Peripheral Vascular Disease
Peripheral vascular disease (PVD), commonly (PAD) peripheral arterial disease or peripheral artery occlusive disease (PAOD), PVD is a micro vascular diseases resulting from gradual narrowing of the arteries this can result from atherosclerosis, inflammatory processes leading to stenosis, an embolism, or thrombus formation. It causes either acute or chronic lack of blood supply
- Mild claudication
- Moderate claudication
- Severe claudication
- Ischemic pain at rest
- Minor tissue loss
- Major tissue loss
Complications of Peripheral Vascular Disease
If your peripheral artery disease is caused by a buildup of plaques in your blood vessels (atherosclerosis), you're also at risk of developing:
• Critical limb ischemia :- This condition begins as open sores that don't heal an injury, or an infection of your feet or legs. Critical limb ischemia (CLI) occurs when such injuries or infections progress and can cause tissue death (gangrene), sometimes requiring amputation of the affected limb.
• Stroke and heart attack :- The atherosclerosis that causes the signs and symptoms of peripheral artery disease isn't limited to your legs. Fat deposits also build up in arteries supplying your heart and brain.
- pain, weakness, numbness, or cramping in muscles due to decreased blood flow.
- Sores, wounds, or ulcers that heal slowly or not at all.
- Noticeable change in color (blueness or paleness) or temperature (coolness) when compared to the other limb
- Diminished hair and nail growth on affected limb and digits.
- Intermittent pain (claudication), which may feel like cramps, muscle fatigue or heaviness (usually in the legs)
- Worsening pain during exercise (usually in the legs)
- Easing of pain during rest (usually in the legs)
- Coldness of the affected body part
- Pins and needles
- Muscular weakness
- Blue or purple tinge to the skin
- Wounds that won't heal (vascular ulcers)
- Blackened areas of skin or skin loss (gangrene)
Body tissues rely on a steady supply of blood to deliver oxygen and nutrients. A narrowed or blocked blood vessel deprives tissues of blood. Gangrene is the death and decay of tissue. There is no cure. The only treatment is surgical amputation of the affected body part.
Risk factors of peripheral vascular disease
Risk factors for peripheral vascular disease include:
- Diabetes - this is the most significant risk factor
- Cigarette smoking
- Advancing age
- Family history of peripheral vascular disease, stroke or coronary artery disease
- Medical history of stroke, cardiovascular disease or heart attack
- Overweight or obesity
- Sedentary lifestyle
- High blood pressure (hypertension)
- High blood cholesterol (hypercholesterolemia).
- Smoking - tobacco use in any form is the single most important modifiable cause of PVD internationally.
- Diabetes mellitus -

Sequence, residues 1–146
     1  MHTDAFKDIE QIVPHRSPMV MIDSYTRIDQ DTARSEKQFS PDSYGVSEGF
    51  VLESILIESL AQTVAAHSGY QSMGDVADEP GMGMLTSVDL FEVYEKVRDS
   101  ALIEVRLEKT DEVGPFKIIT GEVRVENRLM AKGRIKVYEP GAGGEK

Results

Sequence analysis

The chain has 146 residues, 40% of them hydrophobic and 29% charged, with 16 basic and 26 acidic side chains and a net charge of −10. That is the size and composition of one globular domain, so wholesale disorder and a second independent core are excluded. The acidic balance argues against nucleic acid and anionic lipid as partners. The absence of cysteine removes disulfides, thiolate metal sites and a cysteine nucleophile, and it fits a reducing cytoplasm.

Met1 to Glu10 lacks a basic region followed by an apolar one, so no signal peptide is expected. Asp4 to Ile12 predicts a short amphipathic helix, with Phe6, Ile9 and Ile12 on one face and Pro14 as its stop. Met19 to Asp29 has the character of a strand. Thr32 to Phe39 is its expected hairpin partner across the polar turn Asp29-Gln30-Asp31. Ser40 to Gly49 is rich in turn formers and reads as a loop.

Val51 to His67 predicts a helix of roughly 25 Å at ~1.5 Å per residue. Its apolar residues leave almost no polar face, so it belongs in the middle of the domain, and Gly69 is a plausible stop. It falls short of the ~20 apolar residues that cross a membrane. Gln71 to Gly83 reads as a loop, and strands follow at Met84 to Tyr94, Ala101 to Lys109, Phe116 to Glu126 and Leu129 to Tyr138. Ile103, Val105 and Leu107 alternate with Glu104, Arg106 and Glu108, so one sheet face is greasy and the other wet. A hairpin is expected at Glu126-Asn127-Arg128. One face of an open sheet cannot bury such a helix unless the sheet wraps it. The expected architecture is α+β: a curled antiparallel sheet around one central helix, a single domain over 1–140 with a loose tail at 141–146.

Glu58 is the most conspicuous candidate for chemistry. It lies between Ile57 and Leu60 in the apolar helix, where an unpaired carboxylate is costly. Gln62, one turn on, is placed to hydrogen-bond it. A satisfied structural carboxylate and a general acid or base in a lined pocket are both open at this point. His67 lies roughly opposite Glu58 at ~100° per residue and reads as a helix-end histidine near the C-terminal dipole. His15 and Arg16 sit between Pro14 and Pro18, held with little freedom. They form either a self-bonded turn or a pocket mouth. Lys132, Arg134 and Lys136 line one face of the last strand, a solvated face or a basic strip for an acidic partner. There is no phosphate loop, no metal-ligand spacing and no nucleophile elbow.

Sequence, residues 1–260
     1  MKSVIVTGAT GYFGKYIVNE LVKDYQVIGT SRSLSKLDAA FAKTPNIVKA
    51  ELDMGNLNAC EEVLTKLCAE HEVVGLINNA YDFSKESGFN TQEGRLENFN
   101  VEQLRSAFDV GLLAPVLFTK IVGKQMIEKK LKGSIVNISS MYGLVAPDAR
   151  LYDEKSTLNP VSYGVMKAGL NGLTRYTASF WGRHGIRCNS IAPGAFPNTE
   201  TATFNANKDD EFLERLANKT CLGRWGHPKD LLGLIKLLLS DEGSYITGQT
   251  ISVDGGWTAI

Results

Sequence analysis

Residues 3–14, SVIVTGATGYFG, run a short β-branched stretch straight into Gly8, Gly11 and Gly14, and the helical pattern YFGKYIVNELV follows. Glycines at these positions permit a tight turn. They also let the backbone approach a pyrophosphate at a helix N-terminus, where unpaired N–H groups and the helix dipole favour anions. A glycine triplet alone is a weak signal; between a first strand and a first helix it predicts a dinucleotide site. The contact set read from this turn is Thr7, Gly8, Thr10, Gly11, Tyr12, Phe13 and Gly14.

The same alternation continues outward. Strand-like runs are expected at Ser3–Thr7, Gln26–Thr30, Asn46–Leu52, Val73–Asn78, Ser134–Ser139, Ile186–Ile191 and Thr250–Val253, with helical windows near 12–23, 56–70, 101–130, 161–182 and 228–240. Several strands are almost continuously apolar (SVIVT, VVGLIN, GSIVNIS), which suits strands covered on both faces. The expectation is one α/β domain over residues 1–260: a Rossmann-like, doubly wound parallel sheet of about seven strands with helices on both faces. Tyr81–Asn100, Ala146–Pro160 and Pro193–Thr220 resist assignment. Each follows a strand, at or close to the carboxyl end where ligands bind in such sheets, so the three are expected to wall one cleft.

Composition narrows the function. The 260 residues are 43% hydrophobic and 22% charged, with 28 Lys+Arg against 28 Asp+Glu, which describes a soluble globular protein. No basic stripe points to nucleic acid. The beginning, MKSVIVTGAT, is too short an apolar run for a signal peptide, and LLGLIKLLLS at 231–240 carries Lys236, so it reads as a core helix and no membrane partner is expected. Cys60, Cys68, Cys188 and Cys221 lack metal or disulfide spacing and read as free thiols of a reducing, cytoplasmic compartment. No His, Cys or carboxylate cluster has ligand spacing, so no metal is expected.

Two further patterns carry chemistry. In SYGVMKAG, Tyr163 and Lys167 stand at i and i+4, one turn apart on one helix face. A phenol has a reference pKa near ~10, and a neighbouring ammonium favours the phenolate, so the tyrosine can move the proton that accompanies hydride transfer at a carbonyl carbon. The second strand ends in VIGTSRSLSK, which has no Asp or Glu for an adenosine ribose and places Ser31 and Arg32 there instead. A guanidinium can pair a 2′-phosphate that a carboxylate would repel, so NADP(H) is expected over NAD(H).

- Dyslipidemia (high low density lipoprotein [LDL] cholesterol, low high density lipoprotein [HDL] cholesterol)
- Hypertension - elevated blood pressure is correlated with an increase in the risk of developing PAD
- obese, or with a family history of vascular disease, heart attack, or stroke
Diagnosis of Peripheral Vascular Disease
Some of the tests your doctor may rely on to diagnose peripheral artery disease are
• Physical exam :- Your doctor may find signs of PAD during a physical examination, such as a weak or absent pulse below a narrowed area of your artery, whooshing sounds (bruits) over your arteries that can be heard with a stethoscope, evidence of poor wound healing in the area where your blood flow is restricted, and decreased blood pressure in your affected limb.
• Ankle-brachial index (ABI) :- This is a common test used to diagnose PAD. It compares the blood pressure in your ankle with the blood pressure in your arm. To get a blood pressure reading, your doctor uses a regular blood pressure cuff and a special ultrasound device to evaluate blood pressure and flow. You may walk on a treadmill and have readings taken before and immediately after exercising to capture the severity of the narrowed arteries during walking.
• Ultrasound :- Special ultrasound imaging techniques, such as Doppler ultrasound, can help your doctor evaluate blood flow through your blood vessels and identify blocked or narrowed arteries.
• Angiography :- By injecting a dye (contrast material) into your blood vessels, this test allows your doctor to view blood flow through your arteries as it happens. Your doctor is able to trace the flow of the contrast material using imaging techniques such as X-ray imaging or procedures called magnetic resonance angiography (MRA) or computerized tomography angiography (CTA). Catheter angiography is a more invasive procedure that involves guiding a catheter through an artery in your groin to the affected area and injecting the dye that way. Although invasive, this type of angiography allows for simultaneous diagnosis and treatment - finding the narrowed area of a blood vessel and then widening it with an angioplasty procedure or administering medication to improve blood flow.